Labor Day weekend used to signal the official beginning of that fall’s political campaign.
Except there is no election this coming November.
And political campaigns are now waged every day of every week of every month, with no respect for the calendar.
We still are 14 months from the November 2014 election.
But the campaign is already underway.
In a metaphysical sense, it’s always been underway.
TIME NOW FOR A political quiz, just to allow you to flex those electoral muscles before they wither from lack of exercise.
What was Republican gubernatorial hopeful Bruce Rauner talking about when he recently uttered this statement?
“We’re going down the drain. We’re in a death spiral.”
A) The Cubs and White Sox
B) The state of Illinois
C) The Illinois Republican Party
D) All of the above
E) None of the above
How’s that for multiple choice?
GOOD NEWS FOR the Cubs and White Sox.
Because they are both in last place in their respective divisions, they cannot drop any lower.
Plus, they don’t have the worst record in their leagues. (Thanks, Miami; thanks, Houston.)
Both also have the same goal for this year: Try not to lose 100 games.
But we don’t think Rauner was talking about baseball.
GIVEN THE CONTEXT of his remarks and his campaign so far, Rauner seemed to be talking about the fiscal crisis in the state of Illinois.
“Death spiral” might be a bit dramatic, but no hyperbole is too hyper in a political campaign.
Illinois will survive, somehow, despite all the governmental bumbling in Springfield.
The pension system will get “fixed,” though nobody will be completely happy with the solution.
That will make for great debate next year during the campaign for governor – in both the Democratic and Republican primaries, and again in the general election.
Both parties expect to have competitive primaries, so you will have a difficult time avoiding political TV commercials between January and November.
Rauner already has been heavy on the airwaves, with the billionaire dressed in his Everyman working clothes while he talks about creating jobs.
How long can Republican hopefuls Bill Brady, Kirk Dillard and Dan Rutherford yield the stage to Rauner – knowing they’re unlikely to match his campaign dollar for dollar?
Now that Labor Day is here, maybe things will pick up – even if it is a year early on the traditional political calendar.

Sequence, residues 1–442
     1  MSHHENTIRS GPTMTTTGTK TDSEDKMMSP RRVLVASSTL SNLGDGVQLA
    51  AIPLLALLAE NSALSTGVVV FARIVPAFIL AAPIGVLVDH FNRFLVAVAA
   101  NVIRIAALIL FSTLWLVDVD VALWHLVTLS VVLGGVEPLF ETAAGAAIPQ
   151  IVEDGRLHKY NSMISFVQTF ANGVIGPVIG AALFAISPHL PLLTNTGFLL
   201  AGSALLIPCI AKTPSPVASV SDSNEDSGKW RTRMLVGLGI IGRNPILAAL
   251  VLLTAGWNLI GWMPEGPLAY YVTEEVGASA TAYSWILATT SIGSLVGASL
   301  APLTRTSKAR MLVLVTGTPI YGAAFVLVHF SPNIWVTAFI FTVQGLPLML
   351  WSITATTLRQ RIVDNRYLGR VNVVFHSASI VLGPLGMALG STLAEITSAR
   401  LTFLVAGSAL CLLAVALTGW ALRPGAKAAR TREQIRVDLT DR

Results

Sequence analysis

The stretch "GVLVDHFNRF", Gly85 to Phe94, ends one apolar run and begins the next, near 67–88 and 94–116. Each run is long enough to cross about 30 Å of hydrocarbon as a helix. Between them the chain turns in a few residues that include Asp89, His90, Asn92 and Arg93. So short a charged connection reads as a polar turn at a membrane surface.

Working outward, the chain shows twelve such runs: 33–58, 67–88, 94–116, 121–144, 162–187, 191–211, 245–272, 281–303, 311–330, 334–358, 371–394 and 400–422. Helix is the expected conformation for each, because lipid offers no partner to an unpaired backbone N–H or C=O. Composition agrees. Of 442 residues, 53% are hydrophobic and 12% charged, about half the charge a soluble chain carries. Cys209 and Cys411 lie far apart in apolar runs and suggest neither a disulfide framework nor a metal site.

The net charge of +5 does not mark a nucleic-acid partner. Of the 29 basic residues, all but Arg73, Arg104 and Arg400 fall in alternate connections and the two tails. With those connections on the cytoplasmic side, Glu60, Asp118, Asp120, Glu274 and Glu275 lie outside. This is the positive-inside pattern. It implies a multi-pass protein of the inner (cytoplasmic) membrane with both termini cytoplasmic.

ANSWER C) ABOVE raises the question of electing a red governor in this blue state.
Long gone, it seems, are the days of Thompson, Edgar and Ryan, who represent a time when Republicans sat in the governor’s seat continuously for the last quarter of the 20th century – seven straight winning campaigns.
Of course, there was no way Republicans could lose the 2010 race – the Blagojevich scandal was in full bloom, tea party Republicans owned the mid-term election ... what could possibly go wrong?
Democrats next spring will renominate or renounce Gov. Pat Quinn, who is being challenged – and pretty aggressively – by William Daley of the Chicago Daleys.
Although it’s pretty hard to imagine how Republicans can mess this one up in another mid-term election with a Democrat in the White House ... well, this was the party that chose ... oh, what was his name? The guy from Maryland ... to try to keep Barack Obama from winning a first term in the U.S. Senate – but not from Maryland.
In 2010, they chose ultra-conservative Brady to run for governor, but he proved to be unelectable in a can’t-lose election.
Who now? The “outsider” Rauner, or one of the party insiders among state Sens. Brady and Dillard and Treasurer Rutherford?
No matter who they pick, they can’t possibly lose again. Can they?
ONE INTERESTING twist to the 2014 gubernatorial campaign will be that the governor will run as a team with his chosen candidate for lieutenant governor – call it the Scott Lee Cohen amendment.
Candidates for governor will tell you they will pick the best person for the job, which would be a person most capable of stepping into the governor’s job if necessary – and a person willing to join as No. 2 on a ticket with an uncertain future.
That’s not exactly how things work, however.
Candidates for governor look for someone who can bring “balance” – votes and money – to the campaign.
That might mean a woman will be on the ticket. And some advantage goes to the first candidate to announce his running mate will be female. That puts pressure on opponents to do the same – or risk alienating half the voters.
After never having had a female lieutenant governor, Indiana has put women in that office the past three elections. And both the winning Republican and losing Democratic tickets in those campaigns had women in the No. 2 spot.
But geographical balance also can be important. Chicago-centered candidates might make a downstate choice, while downstate candidates can hardly afford to ignore the strength of the Cook County vote – Democratic and Republican.
As for philosophical balance, not so much. Can one candidate on the ticket be pro-life, and the running mate be pro-choice? Pro gay marriage vs. anti? Pro flat tax vs. graduated state income tax?
SO THE ANSWER to the quiz is ... E) None of the above.
Cubs and Sox will be better next year. We predict they won’t both finish in last place in 2014. That’s better, isn’t it?
Chicago is the economic center of the Midwest, so Illinois will certainly survive. And the Democrats who control state government might actually be productive next year under the looming threat of an election.
The Illinois Republican Party has nowhere to go but up, and a victory in the governor’s race next year would change the state’s political equation dramatically.
Even if Republicans don’t totally have their act together, Democrats seem intent on self-destruction. How much longer will voters put up with such legislative negligence in the face of crisis?
Their patience might already have expired.
But we won’t know for sure for 14 months.